What struck me after having our first few lectures within the minor Responsible Innovation is that most innovations are a direct response to demand. Engineers and innovators look for holes in the market or already existing products that need improvement. That is why forward-looking responsibility carries such high importance when considering new innovations. The idea behind new products or systems is that they exceed their predecessor in order to benefit society. What we were taught in the first week of this minor is the importance of ethics and morality within this continuously changing world of innovation. At first I had trouble comprehending the importance of applied ethics when creating new innovations, especially the weight that was given to this topic by making it the first topic that we were brought into contact with. Personally I believed the real trouble lay within the world of technicalities, where the right techniques are not yet in our reach to realize universal goals such as the UN Millennium Goals and the EU’s Grand Challenges. Truth be told we were taught that you cannot rank specific elements of the puzzle. Instead you need all the necessary elements, whether it comes down to technique or moral responsibility, in order to give power and legitimacy to an innovation that might benefit the world. To put these ideas into context we were asked to ponder about the issue of refugees, and to consider the individual and collective responsibility that this problem introduces. I found it quite compelling that we were able to give current world issues a place within the framework of this minor, and test the existing angles to approach problems that require innovation.
The idea of linking technology with a sense of morality is crucial when new ideas are tested and introduced in society. This brought forth the issue of moral overload, a notion explaining the struggle in finding the perfect balance between privacy, sustainability, efficiency, security, and accountability amongst many other values. If no one can be held accountable for new technologies, we clearly miss a framework in which to operate and improve our innovations. The example of ‘the problem of the many hands’ gave a good picture of a constantly occurring problem regarding responsibility. It is for this reason that the importance of ethics should not be undervalued, when it comes down to new innovations in our society. Technology by itself is not sufficient to create the world that we are working for, by slowly improving every necessary building block. It is the strength of responsibility that allows us to realize new technologies. In my eyes the innovations that arise when faced with difficult truths are the most intriguing ones, seeing as innovating is all about looking forward instead of taking a backward-looking responsibility approach.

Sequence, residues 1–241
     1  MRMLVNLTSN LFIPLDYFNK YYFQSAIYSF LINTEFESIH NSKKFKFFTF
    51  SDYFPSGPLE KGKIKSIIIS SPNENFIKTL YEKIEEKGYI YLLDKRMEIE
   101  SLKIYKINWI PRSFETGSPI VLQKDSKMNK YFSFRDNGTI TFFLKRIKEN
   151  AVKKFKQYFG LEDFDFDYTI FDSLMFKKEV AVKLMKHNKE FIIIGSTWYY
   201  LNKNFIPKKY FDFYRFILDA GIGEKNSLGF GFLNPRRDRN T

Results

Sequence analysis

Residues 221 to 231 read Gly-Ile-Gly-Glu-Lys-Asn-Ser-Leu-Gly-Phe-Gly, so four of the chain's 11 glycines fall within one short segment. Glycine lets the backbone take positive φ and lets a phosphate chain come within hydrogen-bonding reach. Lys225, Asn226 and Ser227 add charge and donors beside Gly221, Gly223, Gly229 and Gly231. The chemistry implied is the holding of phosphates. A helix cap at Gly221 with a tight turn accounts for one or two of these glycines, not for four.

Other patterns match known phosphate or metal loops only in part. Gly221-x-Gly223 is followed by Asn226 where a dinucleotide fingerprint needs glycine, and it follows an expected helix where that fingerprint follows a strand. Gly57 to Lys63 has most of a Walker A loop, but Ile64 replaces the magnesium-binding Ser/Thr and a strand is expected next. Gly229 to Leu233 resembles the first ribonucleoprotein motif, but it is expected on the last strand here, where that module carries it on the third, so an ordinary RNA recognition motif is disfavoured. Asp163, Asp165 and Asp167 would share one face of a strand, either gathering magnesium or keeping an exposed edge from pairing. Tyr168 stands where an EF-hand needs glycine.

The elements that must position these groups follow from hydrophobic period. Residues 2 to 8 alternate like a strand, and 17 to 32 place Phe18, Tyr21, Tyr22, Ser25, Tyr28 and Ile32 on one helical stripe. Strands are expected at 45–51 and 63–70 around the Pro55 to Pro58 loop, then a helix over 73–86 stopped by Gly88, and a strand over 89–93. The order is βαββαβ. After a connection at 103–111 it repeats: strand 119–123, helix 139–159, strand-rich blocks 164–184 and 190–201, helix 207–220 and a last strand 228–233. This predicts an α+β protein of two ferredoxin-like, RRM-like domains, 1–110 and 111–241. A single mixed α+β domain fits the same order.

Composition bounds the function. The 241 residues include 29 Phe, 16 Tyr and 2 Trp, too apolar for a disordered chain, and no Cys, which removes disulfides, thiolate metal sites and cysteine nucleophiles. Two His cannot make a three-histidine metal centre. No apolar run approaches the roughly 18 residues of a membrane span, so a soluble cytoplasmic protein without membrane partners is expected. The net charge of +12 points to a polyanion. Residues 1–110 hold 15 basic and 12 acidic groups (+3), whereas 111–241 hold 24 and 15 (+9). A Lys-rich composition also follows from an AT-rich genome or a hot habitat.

After being faced with the true importance of ethics and morality in the creation of new innovations, I understood why this was the first topic to be addressed. Engineers, designers and innovators have to take into account each other’s work in order to prevent unnecessary accidents, which would result in the search for moral responsibility amongst its participants. needed to reach the universal goals that we create. Whether it is the designer drawing out the plan, the engineer creating the machine, or the person using the final product, accountability will never lose its importance.